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CSU Dominguez Hills Alumni and Faculty Impact Literacy in Cambodian-American Community
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Caption BulletSithea San (Class of '91, B.A., business administration) is one of the founders of Cambodia Town in Long Beach; photo by Richer San

CSU Dominguez Hills Alumni and Faculty Impact Literacy in Cambodian-American Community

On Aug. 11, California State University, Dominguez Hills alumni Sithea and Richer San and professor of anthropology Susan Needham participated in a presentation by Cambodia Town, Inc. of a $150,000 check to the Mark Twain Branch Library, a state-of-the-art facility in the heart of the Cambodia Town area along Anaheim Street in Long Beach.

The Sans, who both graduated from CSU Dominguez Hills in 1991 with bachelor’s degrees in business administration, are among the founders of Cambodia Town, Inc., the association that worked to designate the Anaheim Street corridor as Cambodia Town. Long Beach has the largest Cambodian enclave outside of Cambodia.

Needham and Karen Quintiliani, an assistant professor of anthropology at CSU Long Beach, made a presentation on Cambodia to the audience assembled at the library that evening and signed copies of their book, Cambodians in Long Beach, which was published earlier this year. The Sans, who days after the check presentation left for a visit to Cambodia, planned to present a signed copy of the book to the king of Cambodia, Norodom Sihamoni.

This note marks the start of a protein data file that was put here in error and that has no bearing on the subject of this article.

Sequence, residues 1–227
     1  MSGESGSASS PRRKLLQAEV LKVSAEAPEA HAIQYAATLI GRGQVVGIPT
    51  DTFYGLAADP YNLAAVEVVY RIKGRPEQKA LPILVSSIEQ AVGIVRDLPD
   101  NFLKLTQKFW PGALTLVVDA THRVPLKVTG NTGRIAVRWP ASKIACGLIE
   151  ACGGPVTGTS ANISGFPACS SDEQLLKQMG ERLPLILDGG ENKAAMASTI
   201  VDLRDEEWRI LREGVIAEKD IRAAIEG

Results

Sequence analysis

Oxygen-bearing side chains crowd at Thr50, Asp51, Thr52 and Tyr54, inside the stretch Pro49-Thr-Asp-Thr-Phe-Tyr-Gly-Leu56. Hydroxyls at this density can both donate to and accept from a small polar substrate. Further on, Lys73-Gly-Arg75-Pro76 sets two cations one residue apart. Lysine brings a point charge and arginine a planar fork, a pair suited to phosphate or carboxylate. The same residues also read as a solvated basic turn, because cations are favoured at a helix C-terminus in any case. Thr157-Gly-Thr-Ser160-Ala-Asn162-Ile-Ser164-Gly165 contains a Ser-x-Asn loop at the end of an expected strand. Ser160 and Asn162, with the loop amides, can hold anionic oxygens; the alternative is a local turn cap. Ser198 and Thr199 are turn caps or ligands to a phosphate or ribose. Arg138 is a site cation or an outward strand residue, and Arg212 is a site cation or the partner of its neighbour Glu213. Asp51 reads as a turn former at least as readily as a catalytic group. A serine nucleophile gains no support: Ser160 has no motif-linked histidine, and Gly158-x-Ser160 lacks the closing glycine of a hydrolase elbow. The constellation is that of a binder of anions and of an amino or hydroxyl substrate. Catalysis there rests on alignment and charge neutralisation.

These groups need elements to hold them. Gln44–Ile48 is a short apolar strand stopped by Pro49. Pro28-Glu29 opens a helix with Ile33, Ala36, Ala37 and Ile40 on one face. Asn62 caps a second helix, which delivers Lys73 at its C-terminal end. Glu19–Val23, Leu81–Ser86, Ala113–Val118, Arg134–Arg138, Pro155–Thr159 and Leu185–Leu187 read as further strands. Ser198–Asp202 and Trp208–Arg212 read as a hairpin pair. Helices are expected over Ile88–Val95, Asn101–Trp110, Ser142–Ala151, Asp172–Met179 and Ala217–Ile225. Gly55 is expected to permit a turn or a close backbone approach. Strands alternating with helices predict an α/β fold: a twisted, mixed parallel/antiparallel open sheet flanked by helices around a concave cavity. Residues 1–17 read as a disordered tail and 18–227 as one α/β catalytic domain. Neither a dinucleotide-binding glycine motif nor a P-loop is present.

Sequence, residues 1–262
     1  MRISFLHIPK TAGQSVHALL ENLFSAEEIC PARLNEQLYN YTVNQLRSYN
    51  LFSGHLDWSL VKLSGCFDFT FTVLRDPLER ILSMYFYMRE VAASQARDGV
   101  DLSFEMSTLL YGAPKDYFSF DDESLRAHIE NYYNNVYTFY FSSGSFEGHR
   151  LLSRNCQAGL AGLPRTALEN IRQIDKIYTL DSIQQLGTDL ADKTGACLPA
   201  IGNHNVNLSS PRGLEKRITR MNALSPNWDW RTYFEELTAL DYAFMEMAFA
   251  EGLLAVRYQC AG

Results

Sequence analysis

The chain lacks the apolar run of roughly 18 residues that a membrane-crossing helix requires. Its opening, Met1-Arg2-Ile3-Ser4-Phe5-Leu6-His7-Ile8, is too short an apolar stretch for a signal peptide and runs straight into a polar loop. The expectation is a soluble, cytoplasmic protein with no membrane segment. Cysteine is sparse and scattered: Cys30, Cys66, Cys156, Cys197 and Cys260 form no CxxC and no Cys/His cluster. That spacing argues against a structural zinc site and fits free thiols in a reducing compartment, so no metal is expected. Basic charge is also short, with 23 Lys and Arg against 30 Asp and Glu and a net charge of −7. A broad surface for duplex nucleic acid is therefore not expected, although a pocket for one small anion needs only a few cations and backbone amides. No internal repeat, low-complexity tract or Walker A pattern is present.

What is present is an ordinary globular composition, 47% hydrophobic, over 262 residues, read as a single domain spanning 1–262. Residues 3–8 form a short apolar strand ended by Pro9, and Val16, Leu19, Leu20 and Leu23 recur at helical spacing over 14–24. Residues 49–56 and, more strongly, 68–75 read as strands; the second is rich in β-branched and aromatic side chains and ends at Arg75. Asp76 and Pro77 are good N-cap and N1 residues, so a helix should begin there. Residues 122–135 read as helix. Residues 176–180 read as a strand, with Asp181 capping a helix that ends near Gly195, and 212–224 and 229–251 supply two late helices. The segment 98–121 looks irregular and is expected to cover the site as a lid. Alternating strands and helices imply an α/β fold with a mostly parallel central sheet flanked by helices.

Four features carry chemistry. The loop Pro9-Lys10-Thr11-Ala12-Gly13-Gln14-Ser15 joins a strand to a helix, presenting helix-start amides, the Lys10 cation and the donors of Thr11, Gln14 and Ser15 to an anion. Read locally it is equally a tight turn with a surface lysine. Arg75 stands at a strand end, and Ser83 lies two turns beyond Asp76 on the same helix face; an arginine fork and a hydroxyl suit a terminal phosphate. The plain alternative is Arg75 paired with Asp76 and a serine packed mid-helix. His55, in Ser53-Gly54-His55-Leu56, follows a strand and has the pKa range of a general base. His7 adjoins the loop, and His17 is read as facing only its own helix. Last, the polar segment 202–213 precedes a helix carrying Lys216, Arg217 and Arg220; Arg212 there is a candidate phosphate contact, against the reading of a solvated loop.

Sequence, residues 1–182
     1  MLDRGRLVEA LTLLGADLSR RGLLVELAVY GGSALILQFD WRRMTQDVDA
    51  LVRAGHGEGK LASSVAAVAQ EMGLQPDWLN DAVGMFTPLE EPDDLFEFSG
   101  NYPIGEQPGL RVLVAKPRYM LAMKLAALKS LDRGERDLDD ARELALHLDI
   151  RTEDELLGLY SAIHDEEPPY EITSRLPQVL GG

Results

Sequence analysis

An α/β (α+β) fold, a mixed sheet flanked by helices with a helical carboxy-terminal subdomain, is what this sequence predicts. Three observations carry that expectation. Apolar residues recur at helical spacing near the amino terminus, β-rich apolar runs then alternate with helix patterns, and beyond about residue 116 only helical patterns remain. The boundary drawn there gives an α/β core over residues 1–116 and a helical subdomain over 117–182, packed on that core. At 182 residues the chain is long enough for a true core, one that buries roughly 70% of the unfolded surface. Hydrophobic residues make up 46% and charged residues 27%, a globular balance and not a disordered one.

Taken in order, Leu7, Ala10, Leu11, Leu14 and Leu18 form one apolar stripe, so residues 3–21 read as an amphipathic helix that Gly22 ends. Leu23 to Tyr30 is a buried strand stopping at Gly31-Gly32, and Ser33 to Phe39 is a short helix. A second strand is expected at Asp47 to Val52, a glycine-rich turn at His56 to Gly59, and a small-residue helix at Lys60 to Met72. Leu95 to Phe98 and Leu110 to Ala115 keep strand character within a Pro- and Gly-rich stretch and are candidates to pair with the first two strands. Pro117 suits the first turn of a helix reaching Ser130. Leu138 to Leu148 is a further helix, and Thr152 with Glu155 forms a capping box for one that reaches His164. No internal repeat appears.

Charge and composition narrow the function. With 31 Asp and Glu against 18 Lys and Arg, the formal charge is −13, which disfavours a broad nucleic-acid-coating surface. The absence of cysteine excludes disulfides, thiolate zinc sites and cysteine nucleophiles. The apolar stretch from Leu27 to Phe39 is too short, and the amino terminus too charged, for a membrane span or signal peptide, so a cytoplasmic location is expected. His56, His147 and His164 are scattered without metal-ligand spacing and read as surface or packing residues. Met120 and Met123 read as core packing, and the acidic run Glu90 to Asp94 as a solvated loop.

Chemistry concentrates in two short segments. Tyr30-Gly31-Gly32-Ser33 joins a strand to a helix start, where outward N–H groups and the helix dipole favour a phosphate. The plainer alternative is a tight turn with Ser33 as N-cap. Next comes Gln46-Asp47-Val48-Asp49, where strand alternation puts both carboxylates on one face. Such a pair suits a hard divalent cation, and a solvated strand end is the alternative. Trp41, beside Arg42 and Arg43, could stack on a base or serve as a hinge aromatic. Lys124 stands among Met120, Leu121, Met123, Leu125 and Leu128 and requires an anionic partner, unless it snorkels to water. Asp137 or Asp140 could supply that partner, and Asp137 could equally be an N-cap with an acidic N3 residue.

“Many, many people in the Cambodian community have thanked us for doing [the book],” says Needham. “A few people from outside the community have commented on how much they learned about Cambodian history and culture from reading it. They were surprised that it wasn't just a ‘picture book.’”

CSU Dominguez Hills Alumni and Faculty Impact Literacy in Cambodian-American Community Needham, whose ongoing research is on language, identity and history among Cambodian Americans in Long Beach, was inspired to co-author Cambodians in Long Beach in part because of the younger generation is not always able to learn about the turbulent history that brought their parents to the United States. However, the linguistic anthropologist is optimistic about the survival of Khmer, the Cambodian language, and says that approximately 50 percent of Cambodian-born immigrants are literate in their native tongue.

“There's a difference between those who came from Cambodia and those growing up in the United States,” she says. “[The Mark Twain library] just purchased over 1,000 books in Khmer and English from Cambodia, an outstanding collection which I have made use of. The [Mark Twain] library also has a Saturday class in Khmer for beginners, which I hear is well attended.”

The $150,000 donation to the Mark Twain Library was made possible through an endowment the Sans helped establish through Cambodia Town, Inc. Thirty-six residents of the area pledged $5,000 a year for the next five years for the endowment. The money is earmarked to support the library’s Family Learning Center, which offers computer rooms, bilingual after-school tutoring and other services; additional endowment funds will go toward designing and erecting a gateway for Cambodia Town.

- Joanie Harmon

Photo above: Susan Needham, professor of anthropology. Photo by GK

 
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Last updated Friday, August 29, 2008, 9:44 a.m., by Joanie Harmon